3 practical ways to create a positive work culture
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3 practical ways to create a positive work culture

While policies and systems can be updated to support flexible working, there needs to be a true shift in the work culture, share experts from Tripartite Alliance for Fair & Progressive Employment Practices (TAFEP). This can be done through knowledge sharing, effective check-ins, and investing in your employee development.

In a poll of over 600 employers, HR personnel and supervisors during the recent COVID-19 Circuit Breaker were keen to continue telecommuting post Covid-19 and willing to adapt to a new way of working, but the lack of visibility and physical presence in the office remains a concern. The online poll by TAFEP revealed that the top challenge in implementing telecommuting was the inability to track employees’ work progress in real-time. More than 60% expressed that they had concerns on whether employees were as productive and efficient in doing their work as required.

This highlights a subtle yet significant challenge that many companies face in the early stages of implementing flexible work arrangements (FWAs). While policies and systems can be updated to support flexible working, there needs to be a true shift in the work culture. Mutual trust is needed between employer and employee as well as across teams, in order for FWAs to be sustainable.

Here are some practical ways that employers can cultivate a culture of trust within the organisation.

#1: Facilitate knowledge sharing

Progressive employers recognise the value of knowledge sharing in the workplace. The process of knowledge sharing has two critical components; one, the individual must be willing to generously share what they know, and the other must be ready to acknowledge gaps in their knowledge that can be improved. Through knowledge sharing, mutual trust is built as employees learn to give and receive information from one another.

When employees share their varied experiences and skills with colleagues, the overall learning and capability level of the workforce increases. Knowledge sharing allows employees to benefit from the diverse experiences of others, including using these as a springboard to refine strategies and processes and identifying the most efficient methods of addressing work challenges.

As an employer, you can incorporate knowledge sharing segments into your current team meetings. As employees field questions from colleagues and engage in regular discussions, the quality of communication within the team is also likely to improve. Consider scheduling team members to do a brief sharing on:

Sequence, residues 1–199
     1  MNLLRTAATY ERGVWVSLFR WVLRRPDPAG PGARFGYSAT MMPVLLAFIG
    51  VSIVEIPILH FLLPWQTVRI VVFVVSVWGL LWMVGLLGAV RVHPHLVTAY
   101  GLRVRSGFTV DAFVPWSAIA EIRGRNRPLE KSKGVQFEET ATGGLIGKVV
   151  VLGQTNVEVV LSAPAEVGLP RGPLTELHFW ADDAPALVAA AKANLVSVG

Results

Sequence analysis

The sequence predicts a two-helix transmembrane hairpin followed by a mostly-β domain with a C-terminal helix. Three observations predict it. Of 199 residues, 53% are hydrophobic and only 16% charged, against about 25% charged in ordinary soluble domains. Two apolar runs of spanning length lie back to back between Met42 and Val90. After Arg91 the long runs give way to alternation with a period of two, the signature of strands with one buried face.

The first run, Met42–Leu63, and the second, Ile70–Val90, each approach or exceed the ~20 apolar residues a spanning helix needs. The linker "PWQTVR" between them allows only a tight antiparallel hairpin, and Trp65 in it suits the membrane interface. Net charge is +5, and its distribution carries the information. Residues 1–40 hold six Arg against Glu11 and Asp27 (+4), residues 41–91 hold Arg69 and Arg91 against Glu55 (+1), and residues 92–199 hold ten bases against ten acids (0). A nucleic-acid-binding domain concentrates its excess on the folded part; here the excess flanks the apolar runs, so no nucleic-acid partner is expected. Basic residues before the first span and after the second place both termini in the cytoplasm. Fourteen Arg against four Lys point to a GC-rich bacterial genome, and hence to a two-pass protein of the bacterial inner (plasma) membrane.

• Takeaways from recent trainings they have attended;
  • Learnings from a useful resource, or
  • A case study on a challenging project.

#2: Host effective check-ins

Regular check-ins are one way to support a remote working team. Supervisors who lead these sessions should reflect if these sessions provide a safe space for their team members to share candidly about work challenges. Consider asking yourself the following questions:

  • Do my employees feel they can be open and honest about potential issues in a project or task and know that they will receive constructive feedback?
  • Can they ask questions during meetings without worrying that they will appear incompetent?

When check-in sessions with remote working employees are elevated from work-in-progress updates to meetings where sticky problems can be shared freely and everyone is invited to brainstorm and suggest solutions, this fosters greater autonomy. You would observe the following changes to the team dynamics:

  • Employees taking greater responsibility for work outcome.
  • Employees proactively sharing productivity challenges they face, even as they work from home.
  • Supervisors identifying and addressing work needs quickly, without the need to monitor employees directly in the office.

#3: Invest in employee development 

Building trust is a two-way street. When an employer is dependable and takes an interest in staff well-being, this encourages employees to be trustworthy and reliable as well. One common employee concern is that the use of FWAs reduces their physical presence in the office, which may lead to being overlooked when it comes to development and advancement opportunities1.

Investing in the learning and development of your employees assures them that the organisation values their contributions. As an employer, you can:

  • Support both formal and informal learning opportunities (e.g. professional certifications, webinars).
  • Encourage staff to take ownership of their career development and to approach their supervisors directly to discuss training or learning opportunities.

This signals your support of their on-going career progress and nurtures a loyal and committed workforce that is focused on the organisational goals and performance, regardless of where they work from.

Cultivating a positive culture of trust is not a task that can be accomplished overnight. It takes time and sustained effort from the leadership to set the tone and gather buy-in from employees. However, employers who have stayed the course have seen that it contributes to the sustainability of the overall work-life strategy and adds value to the company in the long run. For a more effective work-life strategy, take the first step to evaluate existing flexible work arrangements and consider how you can incorporate these practical ideas into your work processes today.

[1] K. D. Elsbach, D. M. Cable and J. W. Sherman, “How Passive ‘Face Time’ Affects Perceptions of Employees: Evidence of Spontaneous Trait Inference,” Human Relations 63, no. 6 (June 2010): 735-760.

TAFEP provides information and resources to help employers and HR professionals keep abreast of HR best practices. Visit tafep.sg to find out more.

Photo / 123RF

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